“Please be advised that we are currently in discussion with the union representing some of the Glen Hill Marnwood employees. It would be inappropriate at this time to provide a comment and/or release information to the public,” McFarlane said in an email.
The layoff notices issued Tuesday, a copy of which was obtained by rabble.ca read: “Although Durham Christian Homes offered to voluntarily recognize CUPE at the new Glen Hill Terrace site, we were unable to come to a mutual agreement. As a result … your employment at Glen Hill Marnwood will cease.” The letter was signed by McFarlane.
The layoff notice indicated that workers are welcome to reapply for their jobs at the new building, but without a collective agreement in place. And, given their employers’ proposed changes to the collective agreement, employees are anticipating that they will be offered lower wages, fewer benefits and less job security.
Haley said she will not be reapplying for her job as things currently stand.
“Why would I go work for them after all my dedication and loyalty like … just, no,” she said.
“I do not want to work for a company like this, that does this to front-line workers,” said the employee working in housekeeping.
Long-term care homes in Ontario and in Quebec have been major hotspots for COVID-19, raising many questions about the way private homes are being run, including issues of pay that often force PSWs to work in multiple locations.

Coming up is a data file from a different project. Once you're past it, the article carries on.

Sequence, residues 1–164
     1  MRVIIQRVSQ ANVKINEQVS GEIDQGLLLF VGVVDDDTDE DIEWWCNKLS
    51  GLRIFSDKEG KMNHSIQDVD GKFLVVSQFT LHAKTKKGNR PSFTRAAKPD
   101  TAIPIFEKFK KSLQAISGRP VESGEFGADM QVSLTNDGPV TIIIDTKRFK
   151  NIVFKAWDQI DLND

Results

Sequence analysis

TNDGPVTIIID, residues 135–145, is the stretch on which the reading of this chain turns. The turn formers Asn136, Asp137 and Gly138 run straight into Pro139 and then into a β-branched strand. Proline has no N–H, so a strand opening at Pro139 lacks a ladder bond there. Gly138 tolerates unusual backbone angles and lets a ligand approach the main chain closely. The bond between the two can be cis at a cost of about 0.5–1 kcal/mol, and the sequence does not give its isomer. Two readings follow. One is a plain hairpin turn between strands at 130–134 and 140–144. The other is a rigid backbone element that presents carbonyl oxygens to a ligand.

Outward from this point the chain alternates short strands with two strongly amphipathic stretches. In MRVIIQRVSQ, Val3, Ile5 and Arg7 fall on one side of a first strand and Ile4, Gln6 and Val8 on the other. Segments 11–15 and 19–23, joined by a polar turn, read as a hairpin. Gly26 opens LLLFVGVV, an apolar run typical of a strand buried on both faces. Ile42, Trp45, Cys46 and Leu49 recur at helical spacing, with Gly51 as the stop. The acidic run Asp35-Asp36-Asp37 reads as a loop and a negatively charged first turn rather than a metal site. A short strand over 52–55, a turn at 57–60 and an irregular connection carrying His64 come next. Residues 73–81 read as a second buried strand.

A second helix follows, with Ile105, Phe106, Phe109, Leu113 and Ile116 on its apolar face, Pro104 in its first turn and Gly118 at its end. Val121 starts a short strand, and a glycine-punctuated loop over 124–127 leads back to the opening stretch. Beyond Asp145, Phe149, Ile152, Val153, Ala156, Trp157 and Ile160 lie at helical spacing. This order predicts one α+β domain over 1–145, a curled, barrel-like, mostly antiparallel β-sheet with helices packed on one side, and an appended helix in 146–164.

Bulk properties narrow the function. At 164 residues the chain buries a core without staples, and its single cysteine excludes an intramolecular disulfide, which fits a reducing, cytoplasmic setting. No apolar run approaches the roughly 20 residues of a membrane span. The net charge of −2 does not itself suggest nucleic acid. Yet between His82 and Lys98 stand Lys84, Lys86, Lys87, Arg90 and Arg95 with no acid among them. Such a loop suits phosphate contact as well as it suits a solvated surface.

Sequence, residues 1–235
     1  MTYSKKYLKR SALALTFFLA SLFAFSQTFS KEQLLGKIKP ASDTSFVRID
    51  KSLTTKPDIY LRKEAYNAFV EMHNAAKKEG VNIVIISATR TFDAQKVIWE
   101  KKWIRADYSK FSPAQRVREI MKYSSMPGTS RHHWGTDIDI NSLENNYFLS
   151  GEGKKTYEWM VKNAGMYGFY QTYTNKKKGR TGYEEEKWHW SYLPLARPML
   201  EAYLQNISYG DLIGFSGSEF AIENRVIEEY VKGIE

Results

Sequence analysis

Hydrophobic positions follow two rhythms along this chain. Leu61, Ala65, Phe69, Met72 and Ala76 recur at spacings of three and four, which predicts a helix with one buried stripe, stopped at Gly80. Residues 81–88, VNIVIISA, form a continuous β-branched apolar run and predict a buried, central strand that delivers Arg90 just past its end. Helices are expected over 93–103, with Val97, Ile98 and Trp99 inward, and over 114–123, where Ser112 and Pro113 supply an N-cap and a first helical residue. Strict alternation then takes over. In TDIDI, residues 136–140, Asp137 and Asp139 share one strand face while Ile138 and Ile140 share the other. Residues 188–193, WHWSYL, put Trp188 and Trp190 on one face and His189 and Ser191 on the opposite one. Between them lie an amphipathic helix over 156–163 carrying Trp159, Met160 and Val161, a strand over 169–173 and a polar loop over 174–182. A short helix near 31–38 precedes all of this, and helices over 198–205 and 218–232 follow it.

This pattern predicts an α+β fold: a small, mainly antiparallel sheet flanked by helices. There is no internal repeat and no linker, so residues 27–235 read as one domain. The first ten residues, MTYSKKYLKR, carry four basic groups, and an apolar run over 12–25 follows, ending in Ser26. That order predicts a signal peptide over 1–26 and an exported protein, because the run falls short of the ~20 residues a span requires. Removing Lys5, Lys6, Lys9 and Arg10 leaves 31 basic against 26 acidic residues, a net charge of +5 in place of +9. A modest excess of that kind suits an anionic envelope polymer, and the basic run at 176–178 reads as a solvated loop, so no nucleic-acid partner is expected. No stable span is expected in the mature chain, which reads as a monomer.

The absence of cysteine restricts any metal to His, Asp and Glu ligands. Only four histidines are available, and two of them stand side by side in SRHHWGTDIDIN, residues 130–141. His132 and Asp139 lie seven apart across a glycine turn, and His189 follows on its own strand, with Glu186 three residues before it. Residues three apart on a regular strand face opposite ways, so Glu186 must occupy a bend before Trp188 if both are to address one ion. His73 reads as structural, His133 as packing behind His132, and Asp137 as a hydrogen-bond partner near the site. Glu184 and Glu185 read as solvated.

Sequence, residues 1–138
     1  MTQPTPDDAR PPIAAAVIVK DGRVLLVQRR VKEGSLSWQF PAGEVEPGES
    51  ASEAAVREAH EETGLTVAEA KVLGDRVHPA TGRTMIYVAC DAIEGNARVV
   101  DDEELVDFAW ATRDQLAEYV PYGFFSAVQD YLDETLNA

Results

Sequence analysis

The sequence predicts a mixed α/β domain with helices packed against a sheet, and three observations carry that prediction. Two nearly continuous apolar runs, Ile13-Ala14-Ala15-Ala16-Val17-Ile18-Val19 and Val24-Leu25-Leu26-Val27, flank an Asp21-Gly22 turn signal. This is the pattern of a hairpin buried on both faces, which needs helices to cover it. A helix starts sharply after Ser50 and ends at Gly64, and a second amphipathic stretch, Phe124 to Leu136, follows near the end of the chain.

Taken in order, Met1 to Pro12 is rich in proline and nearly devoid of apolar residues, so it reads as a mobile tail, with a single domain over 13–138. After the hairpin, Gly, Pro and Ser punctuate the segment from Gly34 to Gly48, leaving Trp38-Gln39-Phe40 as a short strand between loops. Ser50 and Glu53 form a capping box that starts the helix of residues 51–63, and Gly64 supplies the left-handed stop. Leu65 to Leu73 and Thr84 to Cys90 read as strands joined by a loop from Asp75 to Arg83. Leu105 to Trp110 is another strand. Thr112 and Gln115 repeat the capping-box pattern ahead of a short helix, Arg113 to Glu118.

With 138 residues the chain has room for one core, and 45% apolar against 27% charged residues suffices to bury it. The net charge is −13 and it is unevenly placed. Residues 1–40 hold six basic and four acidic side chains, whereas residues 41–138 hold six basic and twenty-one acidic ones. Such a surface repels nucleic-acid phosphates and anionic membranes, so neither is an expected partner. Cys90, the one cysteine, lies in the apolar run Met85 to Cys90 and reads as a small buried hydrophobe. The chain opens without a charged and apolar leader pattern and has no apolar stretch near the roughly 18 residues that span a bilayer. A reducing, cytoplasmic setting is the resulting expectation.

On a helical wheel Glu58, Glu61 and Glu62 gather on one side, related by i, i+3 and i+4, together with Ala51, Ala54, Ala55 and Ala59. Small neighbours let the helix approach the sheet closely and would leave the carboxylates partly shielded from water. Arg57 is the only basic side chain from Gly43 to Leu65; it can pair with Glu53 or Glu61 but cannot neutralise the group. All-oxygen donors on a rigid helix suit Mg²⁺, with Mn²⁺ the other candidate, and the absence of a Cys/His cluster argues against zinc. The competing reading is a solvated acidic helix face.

Many, including Glen Hill Marnwood, have been operating with a shortage of PSWs during the pandemic as many of them hold multiple jobs, but had to choose only one location to work at to limit their exposure.
Glen Hill Marnwood has managed to avoid COVID-19 to date, but not without extra effort from staff and restrictive measures placed on residents.
“I think we all go above and beyond. We try to make things better for the residents and we’ve been working so hard amid short-staffed conditions [in the midst of] a raging pandemic,” said one worker who has worked at the home for 10 years.
Durham Christian Homes is a non-profit organization. However, McFarlane does sit on the board of the Ontario Long Term Care Association (OLTCA), where 10 of the 12 board members represent for-profit companies. The OLTCA has lobbied against staffing standards in the industry.
Rennick said the layoffs and the anticipated lower wages and benefits at the new building flies in the face of the reforms needed in long-term care homes to make them safer and healthier places to live and work.
In addition to the worker layoffs, the new Whitby location will also be contracting out ancillary services, including housekeeping and dietary staff. At the current location, food is prepared in-house, and the dietary staff know the residents’ likes and dislikes, said one worker.
“They call themselves a Christian home. They say that they’re resident-focused, and yet they’re making all these cuts to make the residents’ lives not really that great,” said the worker who had worked in the home for 10 years.
Chelsea Nash is rabble’s labour beat reporter for 2020. To contact her with story leads, email chelsea[at]rabble.ca.